Is Lidl the next power brand? According to a new survey the cheap-and-cheerful German retailer has more potential than any other high street name to hike its brand popularity.
Comparisons with other once-derided brand names - Skoda, for example - are being made. So, is Lidl the new Skoda (as it were)? And what other brands are on the up?
No Lidl achievement?
The research, carried out by YouGov, took responses from 2,000 UK consumers that gave their view on 50 potential super-brands. And the no-frills supermarket came out top with a 27% share of the vote (full list below). Some turnaround from 2004 when Lidl found itself in the top ten loathed brands, just behind QVC and Pot Noodle.
So, has the recession removed the stigma of shopping at stores that were once a by-word for low-rent cheapness?
"Shoppers are becoming more comfortable with the idea of a supermarket which sells simply good value produce rather than an ideal or a lifestyle," said Scott Wilkinson from advertising agency Bordello that organised the survey.
Czeching it out
"The word Lidl," he goes on, "may be still met with a snigger but with a rapidly growing market share and a strong business model, come 2015 – much like Skoda – it won't be a laughing matter."
Other fast-growing brands include breakfast and snack operator Rude Health and bespoke tailoring company, A Suit That Fits, a company that claims to makes bespoke tailoring affordable. The black cap taxi app, Hailo, also did well.
However, surveys like these only offer a snapshot. Behind Lidl, be advised, at number two, sits Prince Harry. Advertising agency Bordello claims the reason why the prince sits between a cheap German supermarket and a taxi app is because "he has the human touch and it seems the public are now poised for the year of Prince Harry."
In case you didn't know.
Brands with the most potential for growth
Biggest rebranding disasters
Lidl to be the next supermarket giant?
Tropicana manufacturer PepsiCo wanted to bring the popular orange juice into the 21st century with a new carton.
Unfortunately, when it rolled out its new, more functional cartons in January 2009, the consumer backlash was intense.
After a month, PepsiCo therefore announced that it would return to the old carton with immediate effect.
The linked rings of the Olympic logo are recognised around the world. But the organisers of the London 2012 Games wanted a more modern look.
Unluckily for them, the public did not agree. And when the "ugly" and "childish" logo was unveiled, 80% of respondents to a BBC poll gave it the lowest possible ranking.
Coca-Cola is one of the world's most famous brands. But even it makes mistakes from time to time.
Last year, for example, it decided to roll out Christmas-themed white Coke cans in the US. The bizarre choice of festive colour change - it was, after all Coca-Cola that created the red-coated Santa in 1931 - did not go down well, though.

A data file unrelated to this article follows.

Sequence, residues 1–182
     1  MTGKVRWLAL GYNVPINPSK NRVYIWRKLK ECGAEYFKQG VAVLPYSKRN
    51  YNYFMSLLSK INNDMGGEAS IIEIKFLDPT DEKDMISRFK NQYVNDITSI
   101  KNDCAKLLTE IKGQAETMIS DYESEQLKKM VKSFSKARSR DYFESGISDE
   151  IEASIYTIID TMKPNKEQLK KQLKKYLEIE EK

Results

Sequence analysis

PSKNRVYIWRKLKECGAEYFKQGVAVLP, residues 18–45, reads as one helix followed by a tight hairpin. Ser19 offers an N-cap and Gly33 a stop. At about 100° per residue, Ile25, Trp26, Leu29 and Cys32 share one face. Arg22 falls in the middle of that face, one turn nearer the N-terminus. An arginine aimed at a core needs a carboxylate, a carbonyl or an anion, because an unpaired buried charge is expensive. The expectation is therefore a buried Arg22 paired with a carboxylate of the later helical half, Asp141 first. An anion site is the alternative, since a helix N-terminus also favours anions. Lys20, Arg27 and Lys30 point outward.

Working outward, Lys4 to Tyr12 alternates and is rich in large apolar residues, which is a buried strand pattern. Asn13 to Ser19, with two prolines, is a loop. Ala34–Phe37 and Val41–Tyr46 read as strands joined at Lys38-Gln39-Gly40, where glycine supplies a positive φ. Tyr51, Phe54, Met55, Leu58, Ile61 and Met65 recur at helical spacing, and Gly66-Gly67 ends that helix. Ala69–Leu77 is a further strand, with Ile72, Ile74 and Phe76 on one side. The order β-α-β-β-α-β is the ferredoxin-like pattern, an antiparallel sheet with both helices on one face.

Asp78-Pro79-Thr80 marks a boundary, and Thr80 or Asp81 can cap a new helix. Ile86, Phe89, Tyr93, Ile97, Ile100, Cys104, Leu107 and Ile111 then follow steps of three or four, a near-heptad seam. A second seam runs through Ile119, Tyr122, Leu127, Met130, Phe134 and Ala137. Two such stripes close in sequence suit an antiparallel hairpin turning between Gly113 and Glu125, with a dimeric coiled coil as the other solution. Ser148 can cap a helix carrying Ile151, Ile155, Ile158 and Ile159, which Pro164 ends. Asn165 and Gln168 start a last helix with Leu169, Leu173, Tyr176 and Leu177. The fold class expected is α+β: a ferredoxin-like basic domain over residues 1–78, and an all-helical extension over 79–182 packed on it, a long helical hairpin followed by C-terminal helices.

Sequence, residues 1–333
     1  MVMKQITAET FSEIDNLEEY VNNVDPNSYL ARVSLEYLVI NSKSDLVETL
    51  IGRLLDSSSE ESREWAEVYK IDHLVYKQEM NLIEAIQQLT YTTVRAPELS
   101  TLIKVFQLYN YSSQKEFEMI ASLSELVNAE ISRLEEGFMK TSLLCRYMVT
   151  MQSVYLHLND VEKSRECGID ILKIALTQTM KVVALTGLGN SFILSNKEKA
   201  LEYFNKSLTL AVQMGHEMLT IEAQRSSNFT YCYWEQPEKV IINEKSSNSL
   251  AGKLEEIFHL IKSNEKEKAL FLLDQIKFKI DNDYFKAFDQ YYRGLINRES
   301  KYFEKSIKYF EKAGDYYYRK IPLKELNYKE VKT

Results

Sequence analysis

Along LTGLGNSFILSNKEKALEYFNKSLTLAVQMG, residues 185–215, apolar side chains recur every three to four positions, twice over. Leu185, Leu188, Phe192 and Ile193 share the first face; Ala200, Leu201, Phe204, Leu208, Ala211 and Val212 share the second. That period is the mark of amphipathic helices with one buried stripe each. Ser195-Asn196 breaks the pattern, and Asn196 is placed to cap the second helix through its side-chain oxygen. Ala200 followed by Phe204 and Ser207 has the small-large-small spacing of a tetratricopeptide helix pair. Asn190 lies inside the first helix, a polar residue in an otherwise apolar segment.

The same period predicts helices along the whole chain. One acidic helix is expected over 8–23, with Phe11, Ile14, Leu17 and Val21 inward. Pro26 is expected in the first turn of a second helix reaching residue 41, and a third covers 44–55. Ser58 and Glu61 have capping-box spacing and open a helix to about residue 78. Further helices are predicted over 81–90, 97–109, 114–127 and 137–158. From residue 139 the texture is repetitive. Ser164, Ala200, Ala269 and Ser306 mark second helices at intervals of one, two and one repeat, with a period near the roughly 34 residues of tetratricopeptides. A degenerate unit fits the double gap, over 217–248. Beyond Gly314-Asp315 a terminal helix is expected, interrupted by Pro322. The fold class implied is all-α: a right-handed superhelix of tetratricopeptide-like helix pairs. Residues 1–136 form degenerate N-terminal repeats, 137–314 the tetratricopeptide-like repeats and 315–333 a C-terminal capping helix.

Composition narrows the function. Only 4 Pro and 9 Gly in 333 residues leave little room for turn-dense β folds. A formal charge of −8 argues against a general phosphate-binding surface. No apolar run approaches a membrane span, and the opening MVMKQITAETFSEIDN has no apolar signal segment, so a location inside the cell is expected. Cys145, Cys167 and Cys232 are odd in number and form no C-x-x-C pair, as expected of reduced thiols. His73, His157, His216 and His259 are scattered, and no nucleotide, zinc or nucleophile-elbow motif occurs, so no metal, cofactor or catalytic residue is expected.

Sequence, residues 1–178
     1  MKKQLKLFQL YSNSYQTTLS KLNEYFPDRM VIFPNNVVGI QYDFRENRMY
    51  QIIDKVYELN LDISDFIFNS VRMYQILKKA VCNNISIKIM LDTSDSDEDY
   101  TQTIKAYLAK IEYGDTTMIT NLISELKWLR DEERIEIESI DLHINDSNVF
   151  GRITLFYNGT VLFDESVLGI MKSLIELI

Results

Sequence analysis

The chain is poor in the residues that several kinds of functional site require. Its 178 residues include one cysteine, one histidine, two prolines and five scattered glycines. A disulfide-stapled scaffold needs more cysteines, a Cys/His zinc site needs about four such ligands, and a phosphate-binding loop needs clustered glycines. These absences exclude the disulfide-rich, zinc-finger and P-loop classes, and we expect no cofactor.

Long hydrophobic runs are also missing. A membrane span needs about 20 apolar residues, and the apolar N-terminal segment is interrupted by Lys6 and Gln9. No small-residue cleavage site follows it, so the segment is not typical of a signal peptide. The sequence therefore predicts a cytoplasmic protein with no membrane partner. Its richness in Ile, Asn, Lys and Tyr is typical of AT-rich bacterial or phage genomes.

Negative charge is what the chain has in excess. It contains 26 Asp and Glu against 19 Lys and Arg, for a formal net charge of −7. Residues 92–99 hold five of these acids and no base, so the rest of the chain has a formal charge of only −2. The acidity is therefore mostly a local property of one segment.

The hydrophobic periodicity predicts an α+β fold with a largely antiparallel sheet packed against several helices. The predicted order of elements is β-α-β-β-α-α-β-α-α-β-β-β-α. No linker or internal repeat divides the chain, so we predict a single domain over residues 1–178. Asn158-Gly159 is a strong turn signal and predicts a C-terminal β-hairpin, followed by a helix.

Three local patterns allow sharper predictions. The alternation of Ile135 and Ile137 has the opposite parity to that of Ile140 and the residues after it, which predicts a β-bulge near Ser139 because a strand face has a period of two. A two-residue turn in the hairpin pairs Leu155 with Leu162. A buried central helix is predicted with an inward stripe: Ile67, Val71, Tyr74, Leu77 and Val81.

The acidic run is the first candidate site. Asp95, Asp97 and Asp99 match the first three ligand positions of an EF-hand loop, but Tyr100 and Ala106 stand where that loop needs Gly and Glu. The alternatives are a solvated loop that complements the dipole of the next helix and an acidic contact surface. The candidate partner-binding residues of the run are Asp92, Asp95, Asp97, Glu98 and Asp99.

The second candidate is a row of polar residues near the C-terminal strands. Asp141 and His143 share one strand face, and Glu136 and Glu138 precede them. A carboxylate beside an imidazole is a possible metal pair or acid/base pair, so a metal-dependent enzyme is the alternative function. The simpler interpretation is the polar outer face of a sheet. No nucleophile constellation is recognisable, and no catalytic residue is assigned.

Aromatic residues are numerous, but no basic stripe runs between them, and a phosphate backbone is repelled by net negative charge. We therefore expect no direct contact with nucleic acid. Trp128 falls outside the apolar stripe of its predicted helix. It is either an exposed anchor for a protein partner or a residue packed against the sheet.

Not only were Diet Coke fans confused by the similarity to the silver cans they regularly bought, drinkers of Coke were bemused by the lack of red cans on the shelves. The white cans were therefore ditched before Christmas had even arrived.
In a bid to appear more international, British Airways rebranded its fleet and got rid of the Union Jack on its tail-fins in 1996.
Unfortunately, however, Richard Branson's Virgin Atlantic was quick to take advantage of the change and slap Union Jacks on its own jumbo jets.
Everyone knows what the Post office does. But when the organisation changed its name to Consignia in 2001, consumers were left confused.
Unsurprisingly, the Consignia brand didn't last long as a result.
In 1993, Barbie and Ken doll manufacturers Mattel wanted to give Barbie's boyfriend Ken a more modern look.
However, "New Ken", with his earring, string t-shirt and purple leather soon became an embarrassment. Dubbed "Gay Ken", he was soon discontinued and recalled.
In 2010, Gap released a new logo designed by Laird and Partners that attempted to keep an element of the iconic logo that has defined the brand for 20 years.
The new look was short-lived, however, with the retailer reverting back to its old logo within a week after negative feedback from customers.
When Andersen Consulting cut ties with Arthur Andersen, it let a marketing consultant choose its new name.
The rebranding is reported to have cost the company $100 million (£63 million), but the name has not proved popular and is regarded as "one of the worst rebrandings in corporate history."
Electrical retailer Dixons was unhappy with its reputation for poor customer service. So it decided to change its name to Currys.digital.
Unfortunately, however, the name has not caught on, with many shoppers still referring to the stores as Dixons anyway.
Gerber is an American baby food manufacturer that, while not a rebranding as such, made the mother of all marketing blunders when it decided to launch a range in Africa decorated with images of happy babies.
The range failed to sell, which is not surprising when you consider that African consumers at the time - many of whom did nit speak English - expected to see pictures of the contents of the tins...